When I look at my history of blogging and talks, I realize that employee engagement is the single thread that ties my perspectives together -- it's a topic near and dear to my heart. I believe that without meaningful change in employee engagement, our efforts to gain value from social business are completely lost.
Last week’s #socbizchat Tweet Jam was focused on employee engagement. I heard a lot about ROI, as we often do. ROI is often the divisive line that separates the technologists from the humanitarians, though it need not be if we're keeping our business goals at the forefront of our strategy.
We saw a variety of quantifiable rationale for the improvement of engagement across the board. From attrition rates, onboarding/out-processing costs, recruiting impressions, customer satisfaction, employee sentiment to even quantified connection to other employees (though I hear that as follower counting and scratch my head).
The Naked Truth
The key point is, organizations -- especially large ones that experience great turnover -- can hemorrhage budget when it comes to people issues. In many environments, this hit is just a part of doing business as usual. But isn't that hit a symptom of something bigger?
People issues can be hard to talk about and even tougher to address. Most have an opinion about it, as well as a finger to point, and that approach can be a non-starter. Engagement, like social tools, can mean that we're stepping into the open and exposing ourselves to those opinions and fingers. Which is precisely why it is so important.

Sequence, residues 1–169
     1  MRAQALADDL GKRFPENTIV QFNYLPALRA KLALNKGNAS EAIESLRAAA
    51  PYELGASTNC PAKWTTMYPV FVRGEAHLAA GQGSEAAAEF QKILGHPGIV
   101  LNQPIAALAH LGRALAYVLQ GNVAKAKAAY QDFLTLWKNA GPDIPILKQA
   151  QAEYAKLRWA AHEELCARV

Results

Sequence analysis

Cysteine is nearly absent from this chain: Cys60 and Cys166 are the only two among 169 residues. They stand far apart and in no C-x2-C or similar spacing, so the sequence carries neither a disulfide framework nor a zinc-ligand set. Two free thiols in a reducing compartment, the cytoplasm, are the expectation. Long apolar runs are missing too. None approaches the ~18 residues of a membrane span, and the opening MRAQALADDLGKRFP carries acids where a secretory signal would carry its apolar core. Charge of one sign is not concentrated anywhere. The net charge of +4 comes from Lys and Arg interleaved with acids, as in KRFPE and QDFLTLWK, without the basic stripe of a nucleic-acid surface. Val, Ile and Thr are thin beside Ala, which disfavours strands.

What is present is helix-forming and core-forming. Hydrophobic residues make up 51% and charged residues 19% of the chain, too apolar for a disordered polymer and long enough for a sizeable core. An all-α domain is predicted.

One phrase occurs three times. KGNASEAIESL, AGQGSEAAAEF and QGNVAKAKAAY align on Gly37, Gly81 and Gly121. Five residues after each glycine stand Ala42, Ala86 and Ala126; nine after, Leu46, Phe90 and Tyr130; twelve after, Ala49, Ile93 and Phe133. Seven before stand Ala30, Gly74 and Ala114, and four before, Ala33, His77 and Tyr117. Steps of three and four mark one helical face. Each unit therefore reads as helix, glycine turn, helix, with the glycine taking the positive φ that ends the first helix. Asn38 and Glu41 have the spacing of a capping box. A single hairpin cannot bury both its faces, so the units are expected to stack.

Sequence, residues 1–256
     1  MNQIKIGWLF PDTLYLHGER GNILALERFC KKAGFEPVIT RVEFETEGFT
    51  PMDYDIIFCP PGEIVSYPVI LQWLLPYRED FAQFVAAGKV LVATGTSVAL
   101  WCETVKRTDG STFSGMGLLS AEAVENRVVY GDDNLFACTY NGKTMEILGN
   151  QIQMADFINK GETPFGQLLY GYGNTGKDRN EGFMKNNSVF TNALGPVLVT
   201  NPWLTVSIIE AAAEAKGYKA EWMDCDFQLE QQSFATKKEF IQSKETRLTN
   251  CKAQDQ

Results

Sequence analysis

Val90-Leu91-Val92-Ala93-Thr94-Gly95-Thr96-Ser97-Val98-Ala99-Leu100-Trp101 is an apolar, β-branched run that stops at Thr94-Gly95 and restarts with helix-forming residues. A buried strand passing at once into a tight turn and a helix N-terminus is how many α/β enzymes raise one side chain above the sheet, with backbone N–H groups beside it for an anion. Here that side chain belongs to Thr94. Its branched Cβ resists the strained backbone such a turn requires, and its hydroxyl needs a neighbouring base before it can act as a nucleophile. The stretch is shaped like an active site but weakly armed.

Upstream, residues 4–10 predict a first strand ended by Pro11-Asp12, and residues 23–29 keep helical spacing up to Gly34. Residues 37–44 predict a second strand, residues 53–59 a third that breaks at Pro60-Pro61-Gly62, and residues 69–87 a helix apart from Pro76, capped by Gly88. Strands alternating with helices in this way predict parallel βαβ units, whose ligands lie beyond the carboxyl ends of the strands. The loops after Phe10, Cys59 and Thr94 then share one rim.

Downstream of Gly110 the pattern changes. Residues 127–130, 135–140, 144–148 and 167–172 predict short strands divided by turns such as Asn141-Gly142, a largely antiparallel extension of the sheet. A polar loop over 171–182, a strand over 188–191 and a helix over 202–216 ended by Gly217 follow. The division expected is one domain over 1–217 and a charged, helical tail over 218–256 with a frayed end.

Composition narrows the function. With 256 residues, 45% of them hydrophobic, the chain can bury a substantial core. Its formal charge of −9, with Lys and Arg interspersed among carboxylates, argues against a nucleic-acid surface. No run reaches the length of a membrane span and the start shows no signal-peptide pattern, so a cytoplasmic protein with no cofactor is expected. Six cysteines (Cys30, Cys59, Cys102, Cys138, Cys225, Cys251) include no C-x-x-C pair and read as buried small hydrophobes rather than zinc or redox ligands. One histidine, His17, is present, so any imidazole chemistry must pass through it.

We're at an inflection point in the world of work. We're gazing into a future of "empowered" employees who have different expectations than the thirty-year uni-tasker employee of the past. There is a huge pool of talent whom are no longer working for the weekend. They are working for meaning, for a chance to do something more than grab a paycheck and become an employee ID number.
The enterprise is dabbling with the simpler tasks at this stage, BYOD, offering social tools for the masses, work from home, etc. These and many others are good efforts, but they are not the be all and end all. We can’t buy a pill to make it all better. Hierarchical leaders must participate and engage in a meaningful way, with an eye on real business goals and outcomes as they relate to their people.
A Cultural Change for Good
What does this mean? It means a shift from broadcasting leadership direction to participating in a relationship and leveraging tools to help do that at scale. It can mean seeking feedback openly within a social platform, including employees in requirements gathering for solution seeking, engaging in a lifecycle of two-way communication when deep change is happening, letting the best leaders lead, and addressing poor leadership as it is happening. In some cases it may mean stepping up the hiring game so that we can treat our colleagues as trusted partners in business rather than a workforce to be driven like cattle.
Organizational culture is a juicy topic with a massive history of study behind it (as well as a consulting industry to match!), and anyone who’s spent time as a member of an enterprise can tell you, there’s the internal communication team’s perspective of culture, and then there’s the “real” culture, or cultures. Until those realities are recognized within a strategy for change, there will be little success in social business.
We have a real opportunity to help steward this change and I hope these conversations help bring more reality and less confusion when it comes to treating humans with respect.
Editor's Note: This isn't the first time that Megan's written about employee engagement, and we're betting it won't be the last. See her The Real Opportunity of Employee Engagement: Resilient, Agile Organizations